Communication between intestinal commensal bacteria and the host via membrane vesicles

Posted by Kasra

Releasing outer membrane vesicles or OMVs of by bacteria can be considered one of their protein secretion pathways. This pathway is especially important for carrying messages to longer distances than what other mechanisms such as type III secretion system can do.

Although the gut is largely colonized, there is not much of direct cell to cell contact between the microbiota and the host cells due to presence of a thick mucosal layer and other factors. In a recent study, Shen et al. show that bacterial OMVs can make up for this distance and allow for communication between the microbiota and host. They show that orally administered OMVs collected from Bacteroides fragilis can protect mice from chemically induced colitis. Furthermore, they show that this protection is dependent on presence of a capsular polysaccharide (PSA) on the OMV surface. Shen et al. suggest that PSA-containing OMVs are picked up by dendritic cells and induce IL-10 production, thus ameliorating colitis. Specifically, they show that production of IL-10 by DCs is dependent on recognition of PSA by TLR2. Therefore, stimulation of TLR2 by B. fragilis OMVs leads to tolerance instead of inflammation, which is necessary for homeostatic maintenance of the gut.

 

Top shows B. fragilis releasing OMVs. Bottom shows purified B. fragilis OMVs from wildtype and non-PSA producing strains. From Shen et al. Cell host & Microbe. Oct. 2012

Shen Y, Torchia ML, Lawson GW, Karp CL, Ashwell JD, & Mazmanian SK (2012). Outer membrane vesicles of a human commensal mediate immune regulation and disease protection. Cell host & microbe, 12 (4), 509-20 PMID: 22999859

ResearchBlogging.org

Advertisements

Phosphatases for and against: Trichuris vs. Leishmania

Posted by Kasra

Trichuris trichiura adult male

Trichuris trichiura adult male – Image taken from DPDx

Trichuris, is an intestinal roundworm, also known as whipworm, that can be transmitted through ingestion of food contaminated with its eggs. The larvae hatch inside the small intestine and complete their life cycle to adults in the cecum. After maturation, which can take about 3 months, the female worm lays thousands of eggs per day. The parasite can stay in the intetine between 1-5 years. Trichuris trichiura is a parasite of humans, while Trichuris muris is a mouse parasite, used usually as the animal model to study its infection.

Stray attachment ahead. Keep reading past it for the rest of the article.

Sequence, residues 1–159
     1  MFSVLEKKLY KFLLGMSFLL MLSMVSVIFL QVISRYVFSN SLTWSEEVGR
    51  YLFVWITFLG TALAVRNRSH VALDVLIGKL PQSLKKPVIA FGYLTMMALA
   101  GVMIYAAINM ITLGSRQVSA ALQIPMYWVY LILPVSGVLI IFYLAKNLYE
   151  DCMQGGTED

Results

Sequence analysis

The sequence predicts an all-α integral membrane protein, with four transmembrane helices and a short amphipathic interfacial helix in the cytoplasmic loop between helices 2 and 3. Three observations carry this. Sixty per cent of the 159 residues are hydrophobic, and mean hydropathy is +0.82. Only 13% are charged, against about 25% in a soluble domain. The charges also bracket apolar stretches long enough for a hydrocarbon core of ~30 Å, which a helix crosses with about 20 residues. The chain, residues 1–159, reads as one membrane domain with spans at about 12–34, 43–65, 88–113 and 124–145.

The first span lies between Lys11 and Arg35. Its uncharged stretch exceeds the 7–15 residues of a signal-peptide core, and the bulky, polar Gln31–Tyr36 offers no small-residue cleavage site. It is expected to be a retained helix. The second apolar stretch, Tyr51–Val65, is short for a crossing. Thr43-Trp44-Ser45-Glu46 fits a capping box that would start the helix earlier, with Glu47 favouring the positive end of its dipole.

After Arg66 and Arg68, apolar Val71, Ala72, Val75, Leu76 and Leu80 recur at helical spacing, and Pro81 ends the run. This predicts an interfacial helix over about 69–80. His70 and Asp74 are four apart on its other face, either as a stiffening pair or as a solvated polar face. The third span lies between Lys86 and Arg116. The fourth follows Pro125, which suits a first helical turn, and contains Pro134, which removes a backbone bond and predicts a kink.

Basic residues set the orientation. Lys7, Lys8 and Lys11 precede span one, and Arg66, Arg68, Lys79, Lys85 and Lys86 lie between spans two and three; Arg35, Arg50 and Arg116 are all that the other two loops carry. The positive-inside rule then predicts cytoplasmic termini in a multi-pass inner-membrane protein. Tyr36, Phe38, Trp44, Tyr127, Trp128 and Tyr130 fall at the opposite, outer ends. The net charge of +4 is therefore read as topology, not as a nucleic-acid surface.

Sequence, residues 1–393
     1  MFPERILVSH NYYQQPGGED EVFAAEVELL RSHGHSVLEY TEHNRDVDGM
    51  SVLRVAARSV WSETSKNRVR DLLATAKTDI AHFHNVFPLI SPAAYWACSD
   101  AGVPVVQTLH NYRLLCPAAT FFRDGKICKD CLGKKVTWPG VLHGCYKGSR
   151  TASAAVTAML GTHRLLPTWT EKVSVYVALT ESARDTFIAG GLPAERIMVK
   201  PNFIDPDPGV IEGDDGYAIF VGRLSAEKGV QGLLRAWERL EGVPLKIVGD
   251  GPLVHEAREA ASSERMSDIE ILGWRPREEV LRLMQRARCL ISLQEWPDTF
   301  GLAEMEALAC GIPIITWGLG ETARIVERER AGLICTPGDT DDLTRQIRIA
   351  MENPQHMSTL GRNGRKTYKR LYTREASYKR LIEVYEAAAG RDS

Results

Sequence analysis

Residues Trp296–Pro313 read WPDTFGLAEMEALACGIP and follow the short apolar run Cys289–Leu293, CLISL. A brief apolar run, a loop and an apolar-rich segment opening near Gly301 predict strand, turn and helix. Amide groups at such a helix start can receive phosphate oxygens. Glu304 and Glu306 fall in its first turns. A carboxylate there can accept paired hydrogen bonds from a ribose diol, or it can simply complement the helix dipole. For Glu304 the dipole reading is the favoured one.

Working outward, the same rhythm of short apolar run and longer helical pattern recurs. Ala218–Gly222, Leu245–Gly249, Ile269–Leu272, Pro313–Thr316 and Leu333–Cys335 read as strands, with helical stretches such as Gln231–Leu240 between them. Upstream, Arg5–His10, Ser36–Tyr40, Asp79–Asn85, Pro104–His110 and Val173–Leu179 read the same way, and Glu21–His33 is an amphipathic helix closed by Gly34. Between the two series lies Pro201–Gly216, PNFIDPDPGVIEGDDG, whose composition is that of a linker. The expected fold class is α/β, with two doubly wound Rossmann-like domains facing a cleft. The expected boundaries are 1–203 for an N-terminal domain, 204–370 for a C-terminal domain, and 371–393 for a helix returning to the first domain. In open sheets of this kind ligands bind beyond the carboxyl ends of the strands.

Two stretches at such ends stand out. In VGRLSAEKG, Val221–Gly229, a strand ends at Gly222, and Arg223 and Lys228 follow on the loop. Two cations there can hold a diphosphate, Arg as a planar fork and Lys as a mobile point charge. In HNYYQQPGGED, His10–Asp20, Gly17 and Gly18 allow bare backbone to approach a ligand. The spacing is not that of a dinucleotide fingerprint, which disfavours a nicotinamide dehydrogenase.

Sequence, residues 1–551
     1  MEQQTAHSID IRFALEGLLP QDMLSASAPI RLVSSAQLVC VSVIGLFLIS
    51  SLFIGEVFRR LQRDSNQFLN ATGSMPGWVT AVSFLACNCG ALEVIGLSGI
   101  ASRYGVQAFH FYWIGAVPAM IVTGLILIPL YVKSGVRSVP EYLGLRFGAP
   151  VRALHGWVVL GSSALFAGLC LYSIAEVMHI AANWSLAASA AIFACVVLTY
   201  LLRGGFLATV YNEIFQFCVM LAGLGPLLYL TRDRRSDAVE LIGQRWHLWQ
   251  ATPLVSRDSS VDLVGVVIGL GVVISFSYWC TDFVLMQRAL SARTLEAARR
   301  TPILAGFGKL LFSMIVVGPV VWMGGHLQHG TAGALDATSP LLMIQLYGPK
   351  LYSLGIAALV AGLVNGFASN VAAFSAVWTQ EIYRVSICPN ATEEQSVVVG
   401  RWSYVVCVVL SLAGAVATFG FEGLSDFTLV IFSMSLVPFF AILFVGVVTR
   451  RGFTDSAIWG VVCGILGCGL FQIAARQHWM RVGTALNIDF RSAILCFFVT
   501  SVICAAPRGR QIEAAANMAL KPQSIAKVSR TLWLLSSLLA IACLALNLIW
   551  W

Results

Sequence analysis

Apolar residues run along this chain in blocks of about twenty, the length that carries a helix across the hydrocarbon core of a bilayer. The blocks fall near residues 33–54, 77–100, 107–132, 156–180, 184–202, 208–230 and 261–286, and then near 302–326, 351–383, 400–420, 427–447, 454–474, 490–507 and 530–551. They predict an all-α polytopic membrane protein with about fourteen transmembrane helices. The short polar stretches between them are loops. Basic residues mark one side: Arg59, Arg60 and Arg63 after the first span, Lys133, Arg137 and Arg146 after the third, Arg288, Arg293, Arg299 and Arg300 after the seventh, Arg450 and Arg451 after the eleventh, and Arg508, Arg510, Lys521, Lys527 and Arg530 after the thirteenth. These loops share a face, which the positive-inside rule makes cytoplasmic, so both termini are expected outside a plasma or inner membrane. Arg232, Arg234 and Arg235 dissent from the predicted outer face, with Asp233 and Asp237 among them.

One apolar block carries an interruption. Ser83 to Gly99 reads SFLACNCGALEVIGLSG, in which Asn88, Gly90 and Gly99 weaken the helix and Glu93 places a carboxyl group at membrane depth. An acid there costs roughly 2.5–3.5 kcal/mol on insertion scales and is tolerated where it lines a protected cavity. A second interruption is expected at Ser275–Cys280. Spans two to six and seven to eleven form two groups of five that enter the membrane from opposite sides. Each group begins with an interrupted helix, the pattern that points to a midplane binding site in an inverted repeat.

In contrast to intracellular pathogens, a Th1 response is non-protective in infection with large extracellular pathogens such as intestinal helminths. For instance, during infection with Trichuris muris, a Th2 response comprising IL-4 and Ig-E production leads to resolution of infection, while a Th1 response comprising IFN-gamma, IL-12 and IL-18 is not protective.

S Hadidi et al. look at regulation of the immune response to T. muris and focus on the importance of the macrophage lipid phosphatase Ship1. Ship1 or Sh-2 containing inositol 5′ phosphatase 1 is a regulator of the PI3K pathway. Hadidi et al. show that Ship1 expression is upregulated steadily following T. muris infection. Ship1-/- mice have higher parasite burden and IFN-gamma while lower levels of IL-13. Also, Ship1-/- macrophages produce more IL-12. Blocking IL-12 or IFN-gamma by blocking antibodies rescued the phenotype by reducing worm burden and increase in IL-13. Thus, they found how activity of this phosphatase can direct the immune response against T. muris infection. It would be very interesting now to see what stimuli induce upregulation of Ship1 and also what are this enzyme’s substrates, which are so important for production of IL-12 by macrophages.

Similar to this story, a few years ago, Abu-Dayyeh et al. and Gomez et al. showed that activating phosphatases is important for Leishmania to establish its infection. Being an intracellular parasite, a Th1 response, with large amounts of IFN-gamma would be protective against Leishmania. So in this context, Leishmania-mediated activation of many phosphatases (most importantly SHP-1) leading to inhibition of IL-12 production leads to disease progression, because it skews the immune response towards Th2. In this situation, Leishmania takes advantage of the phosphatase’s function.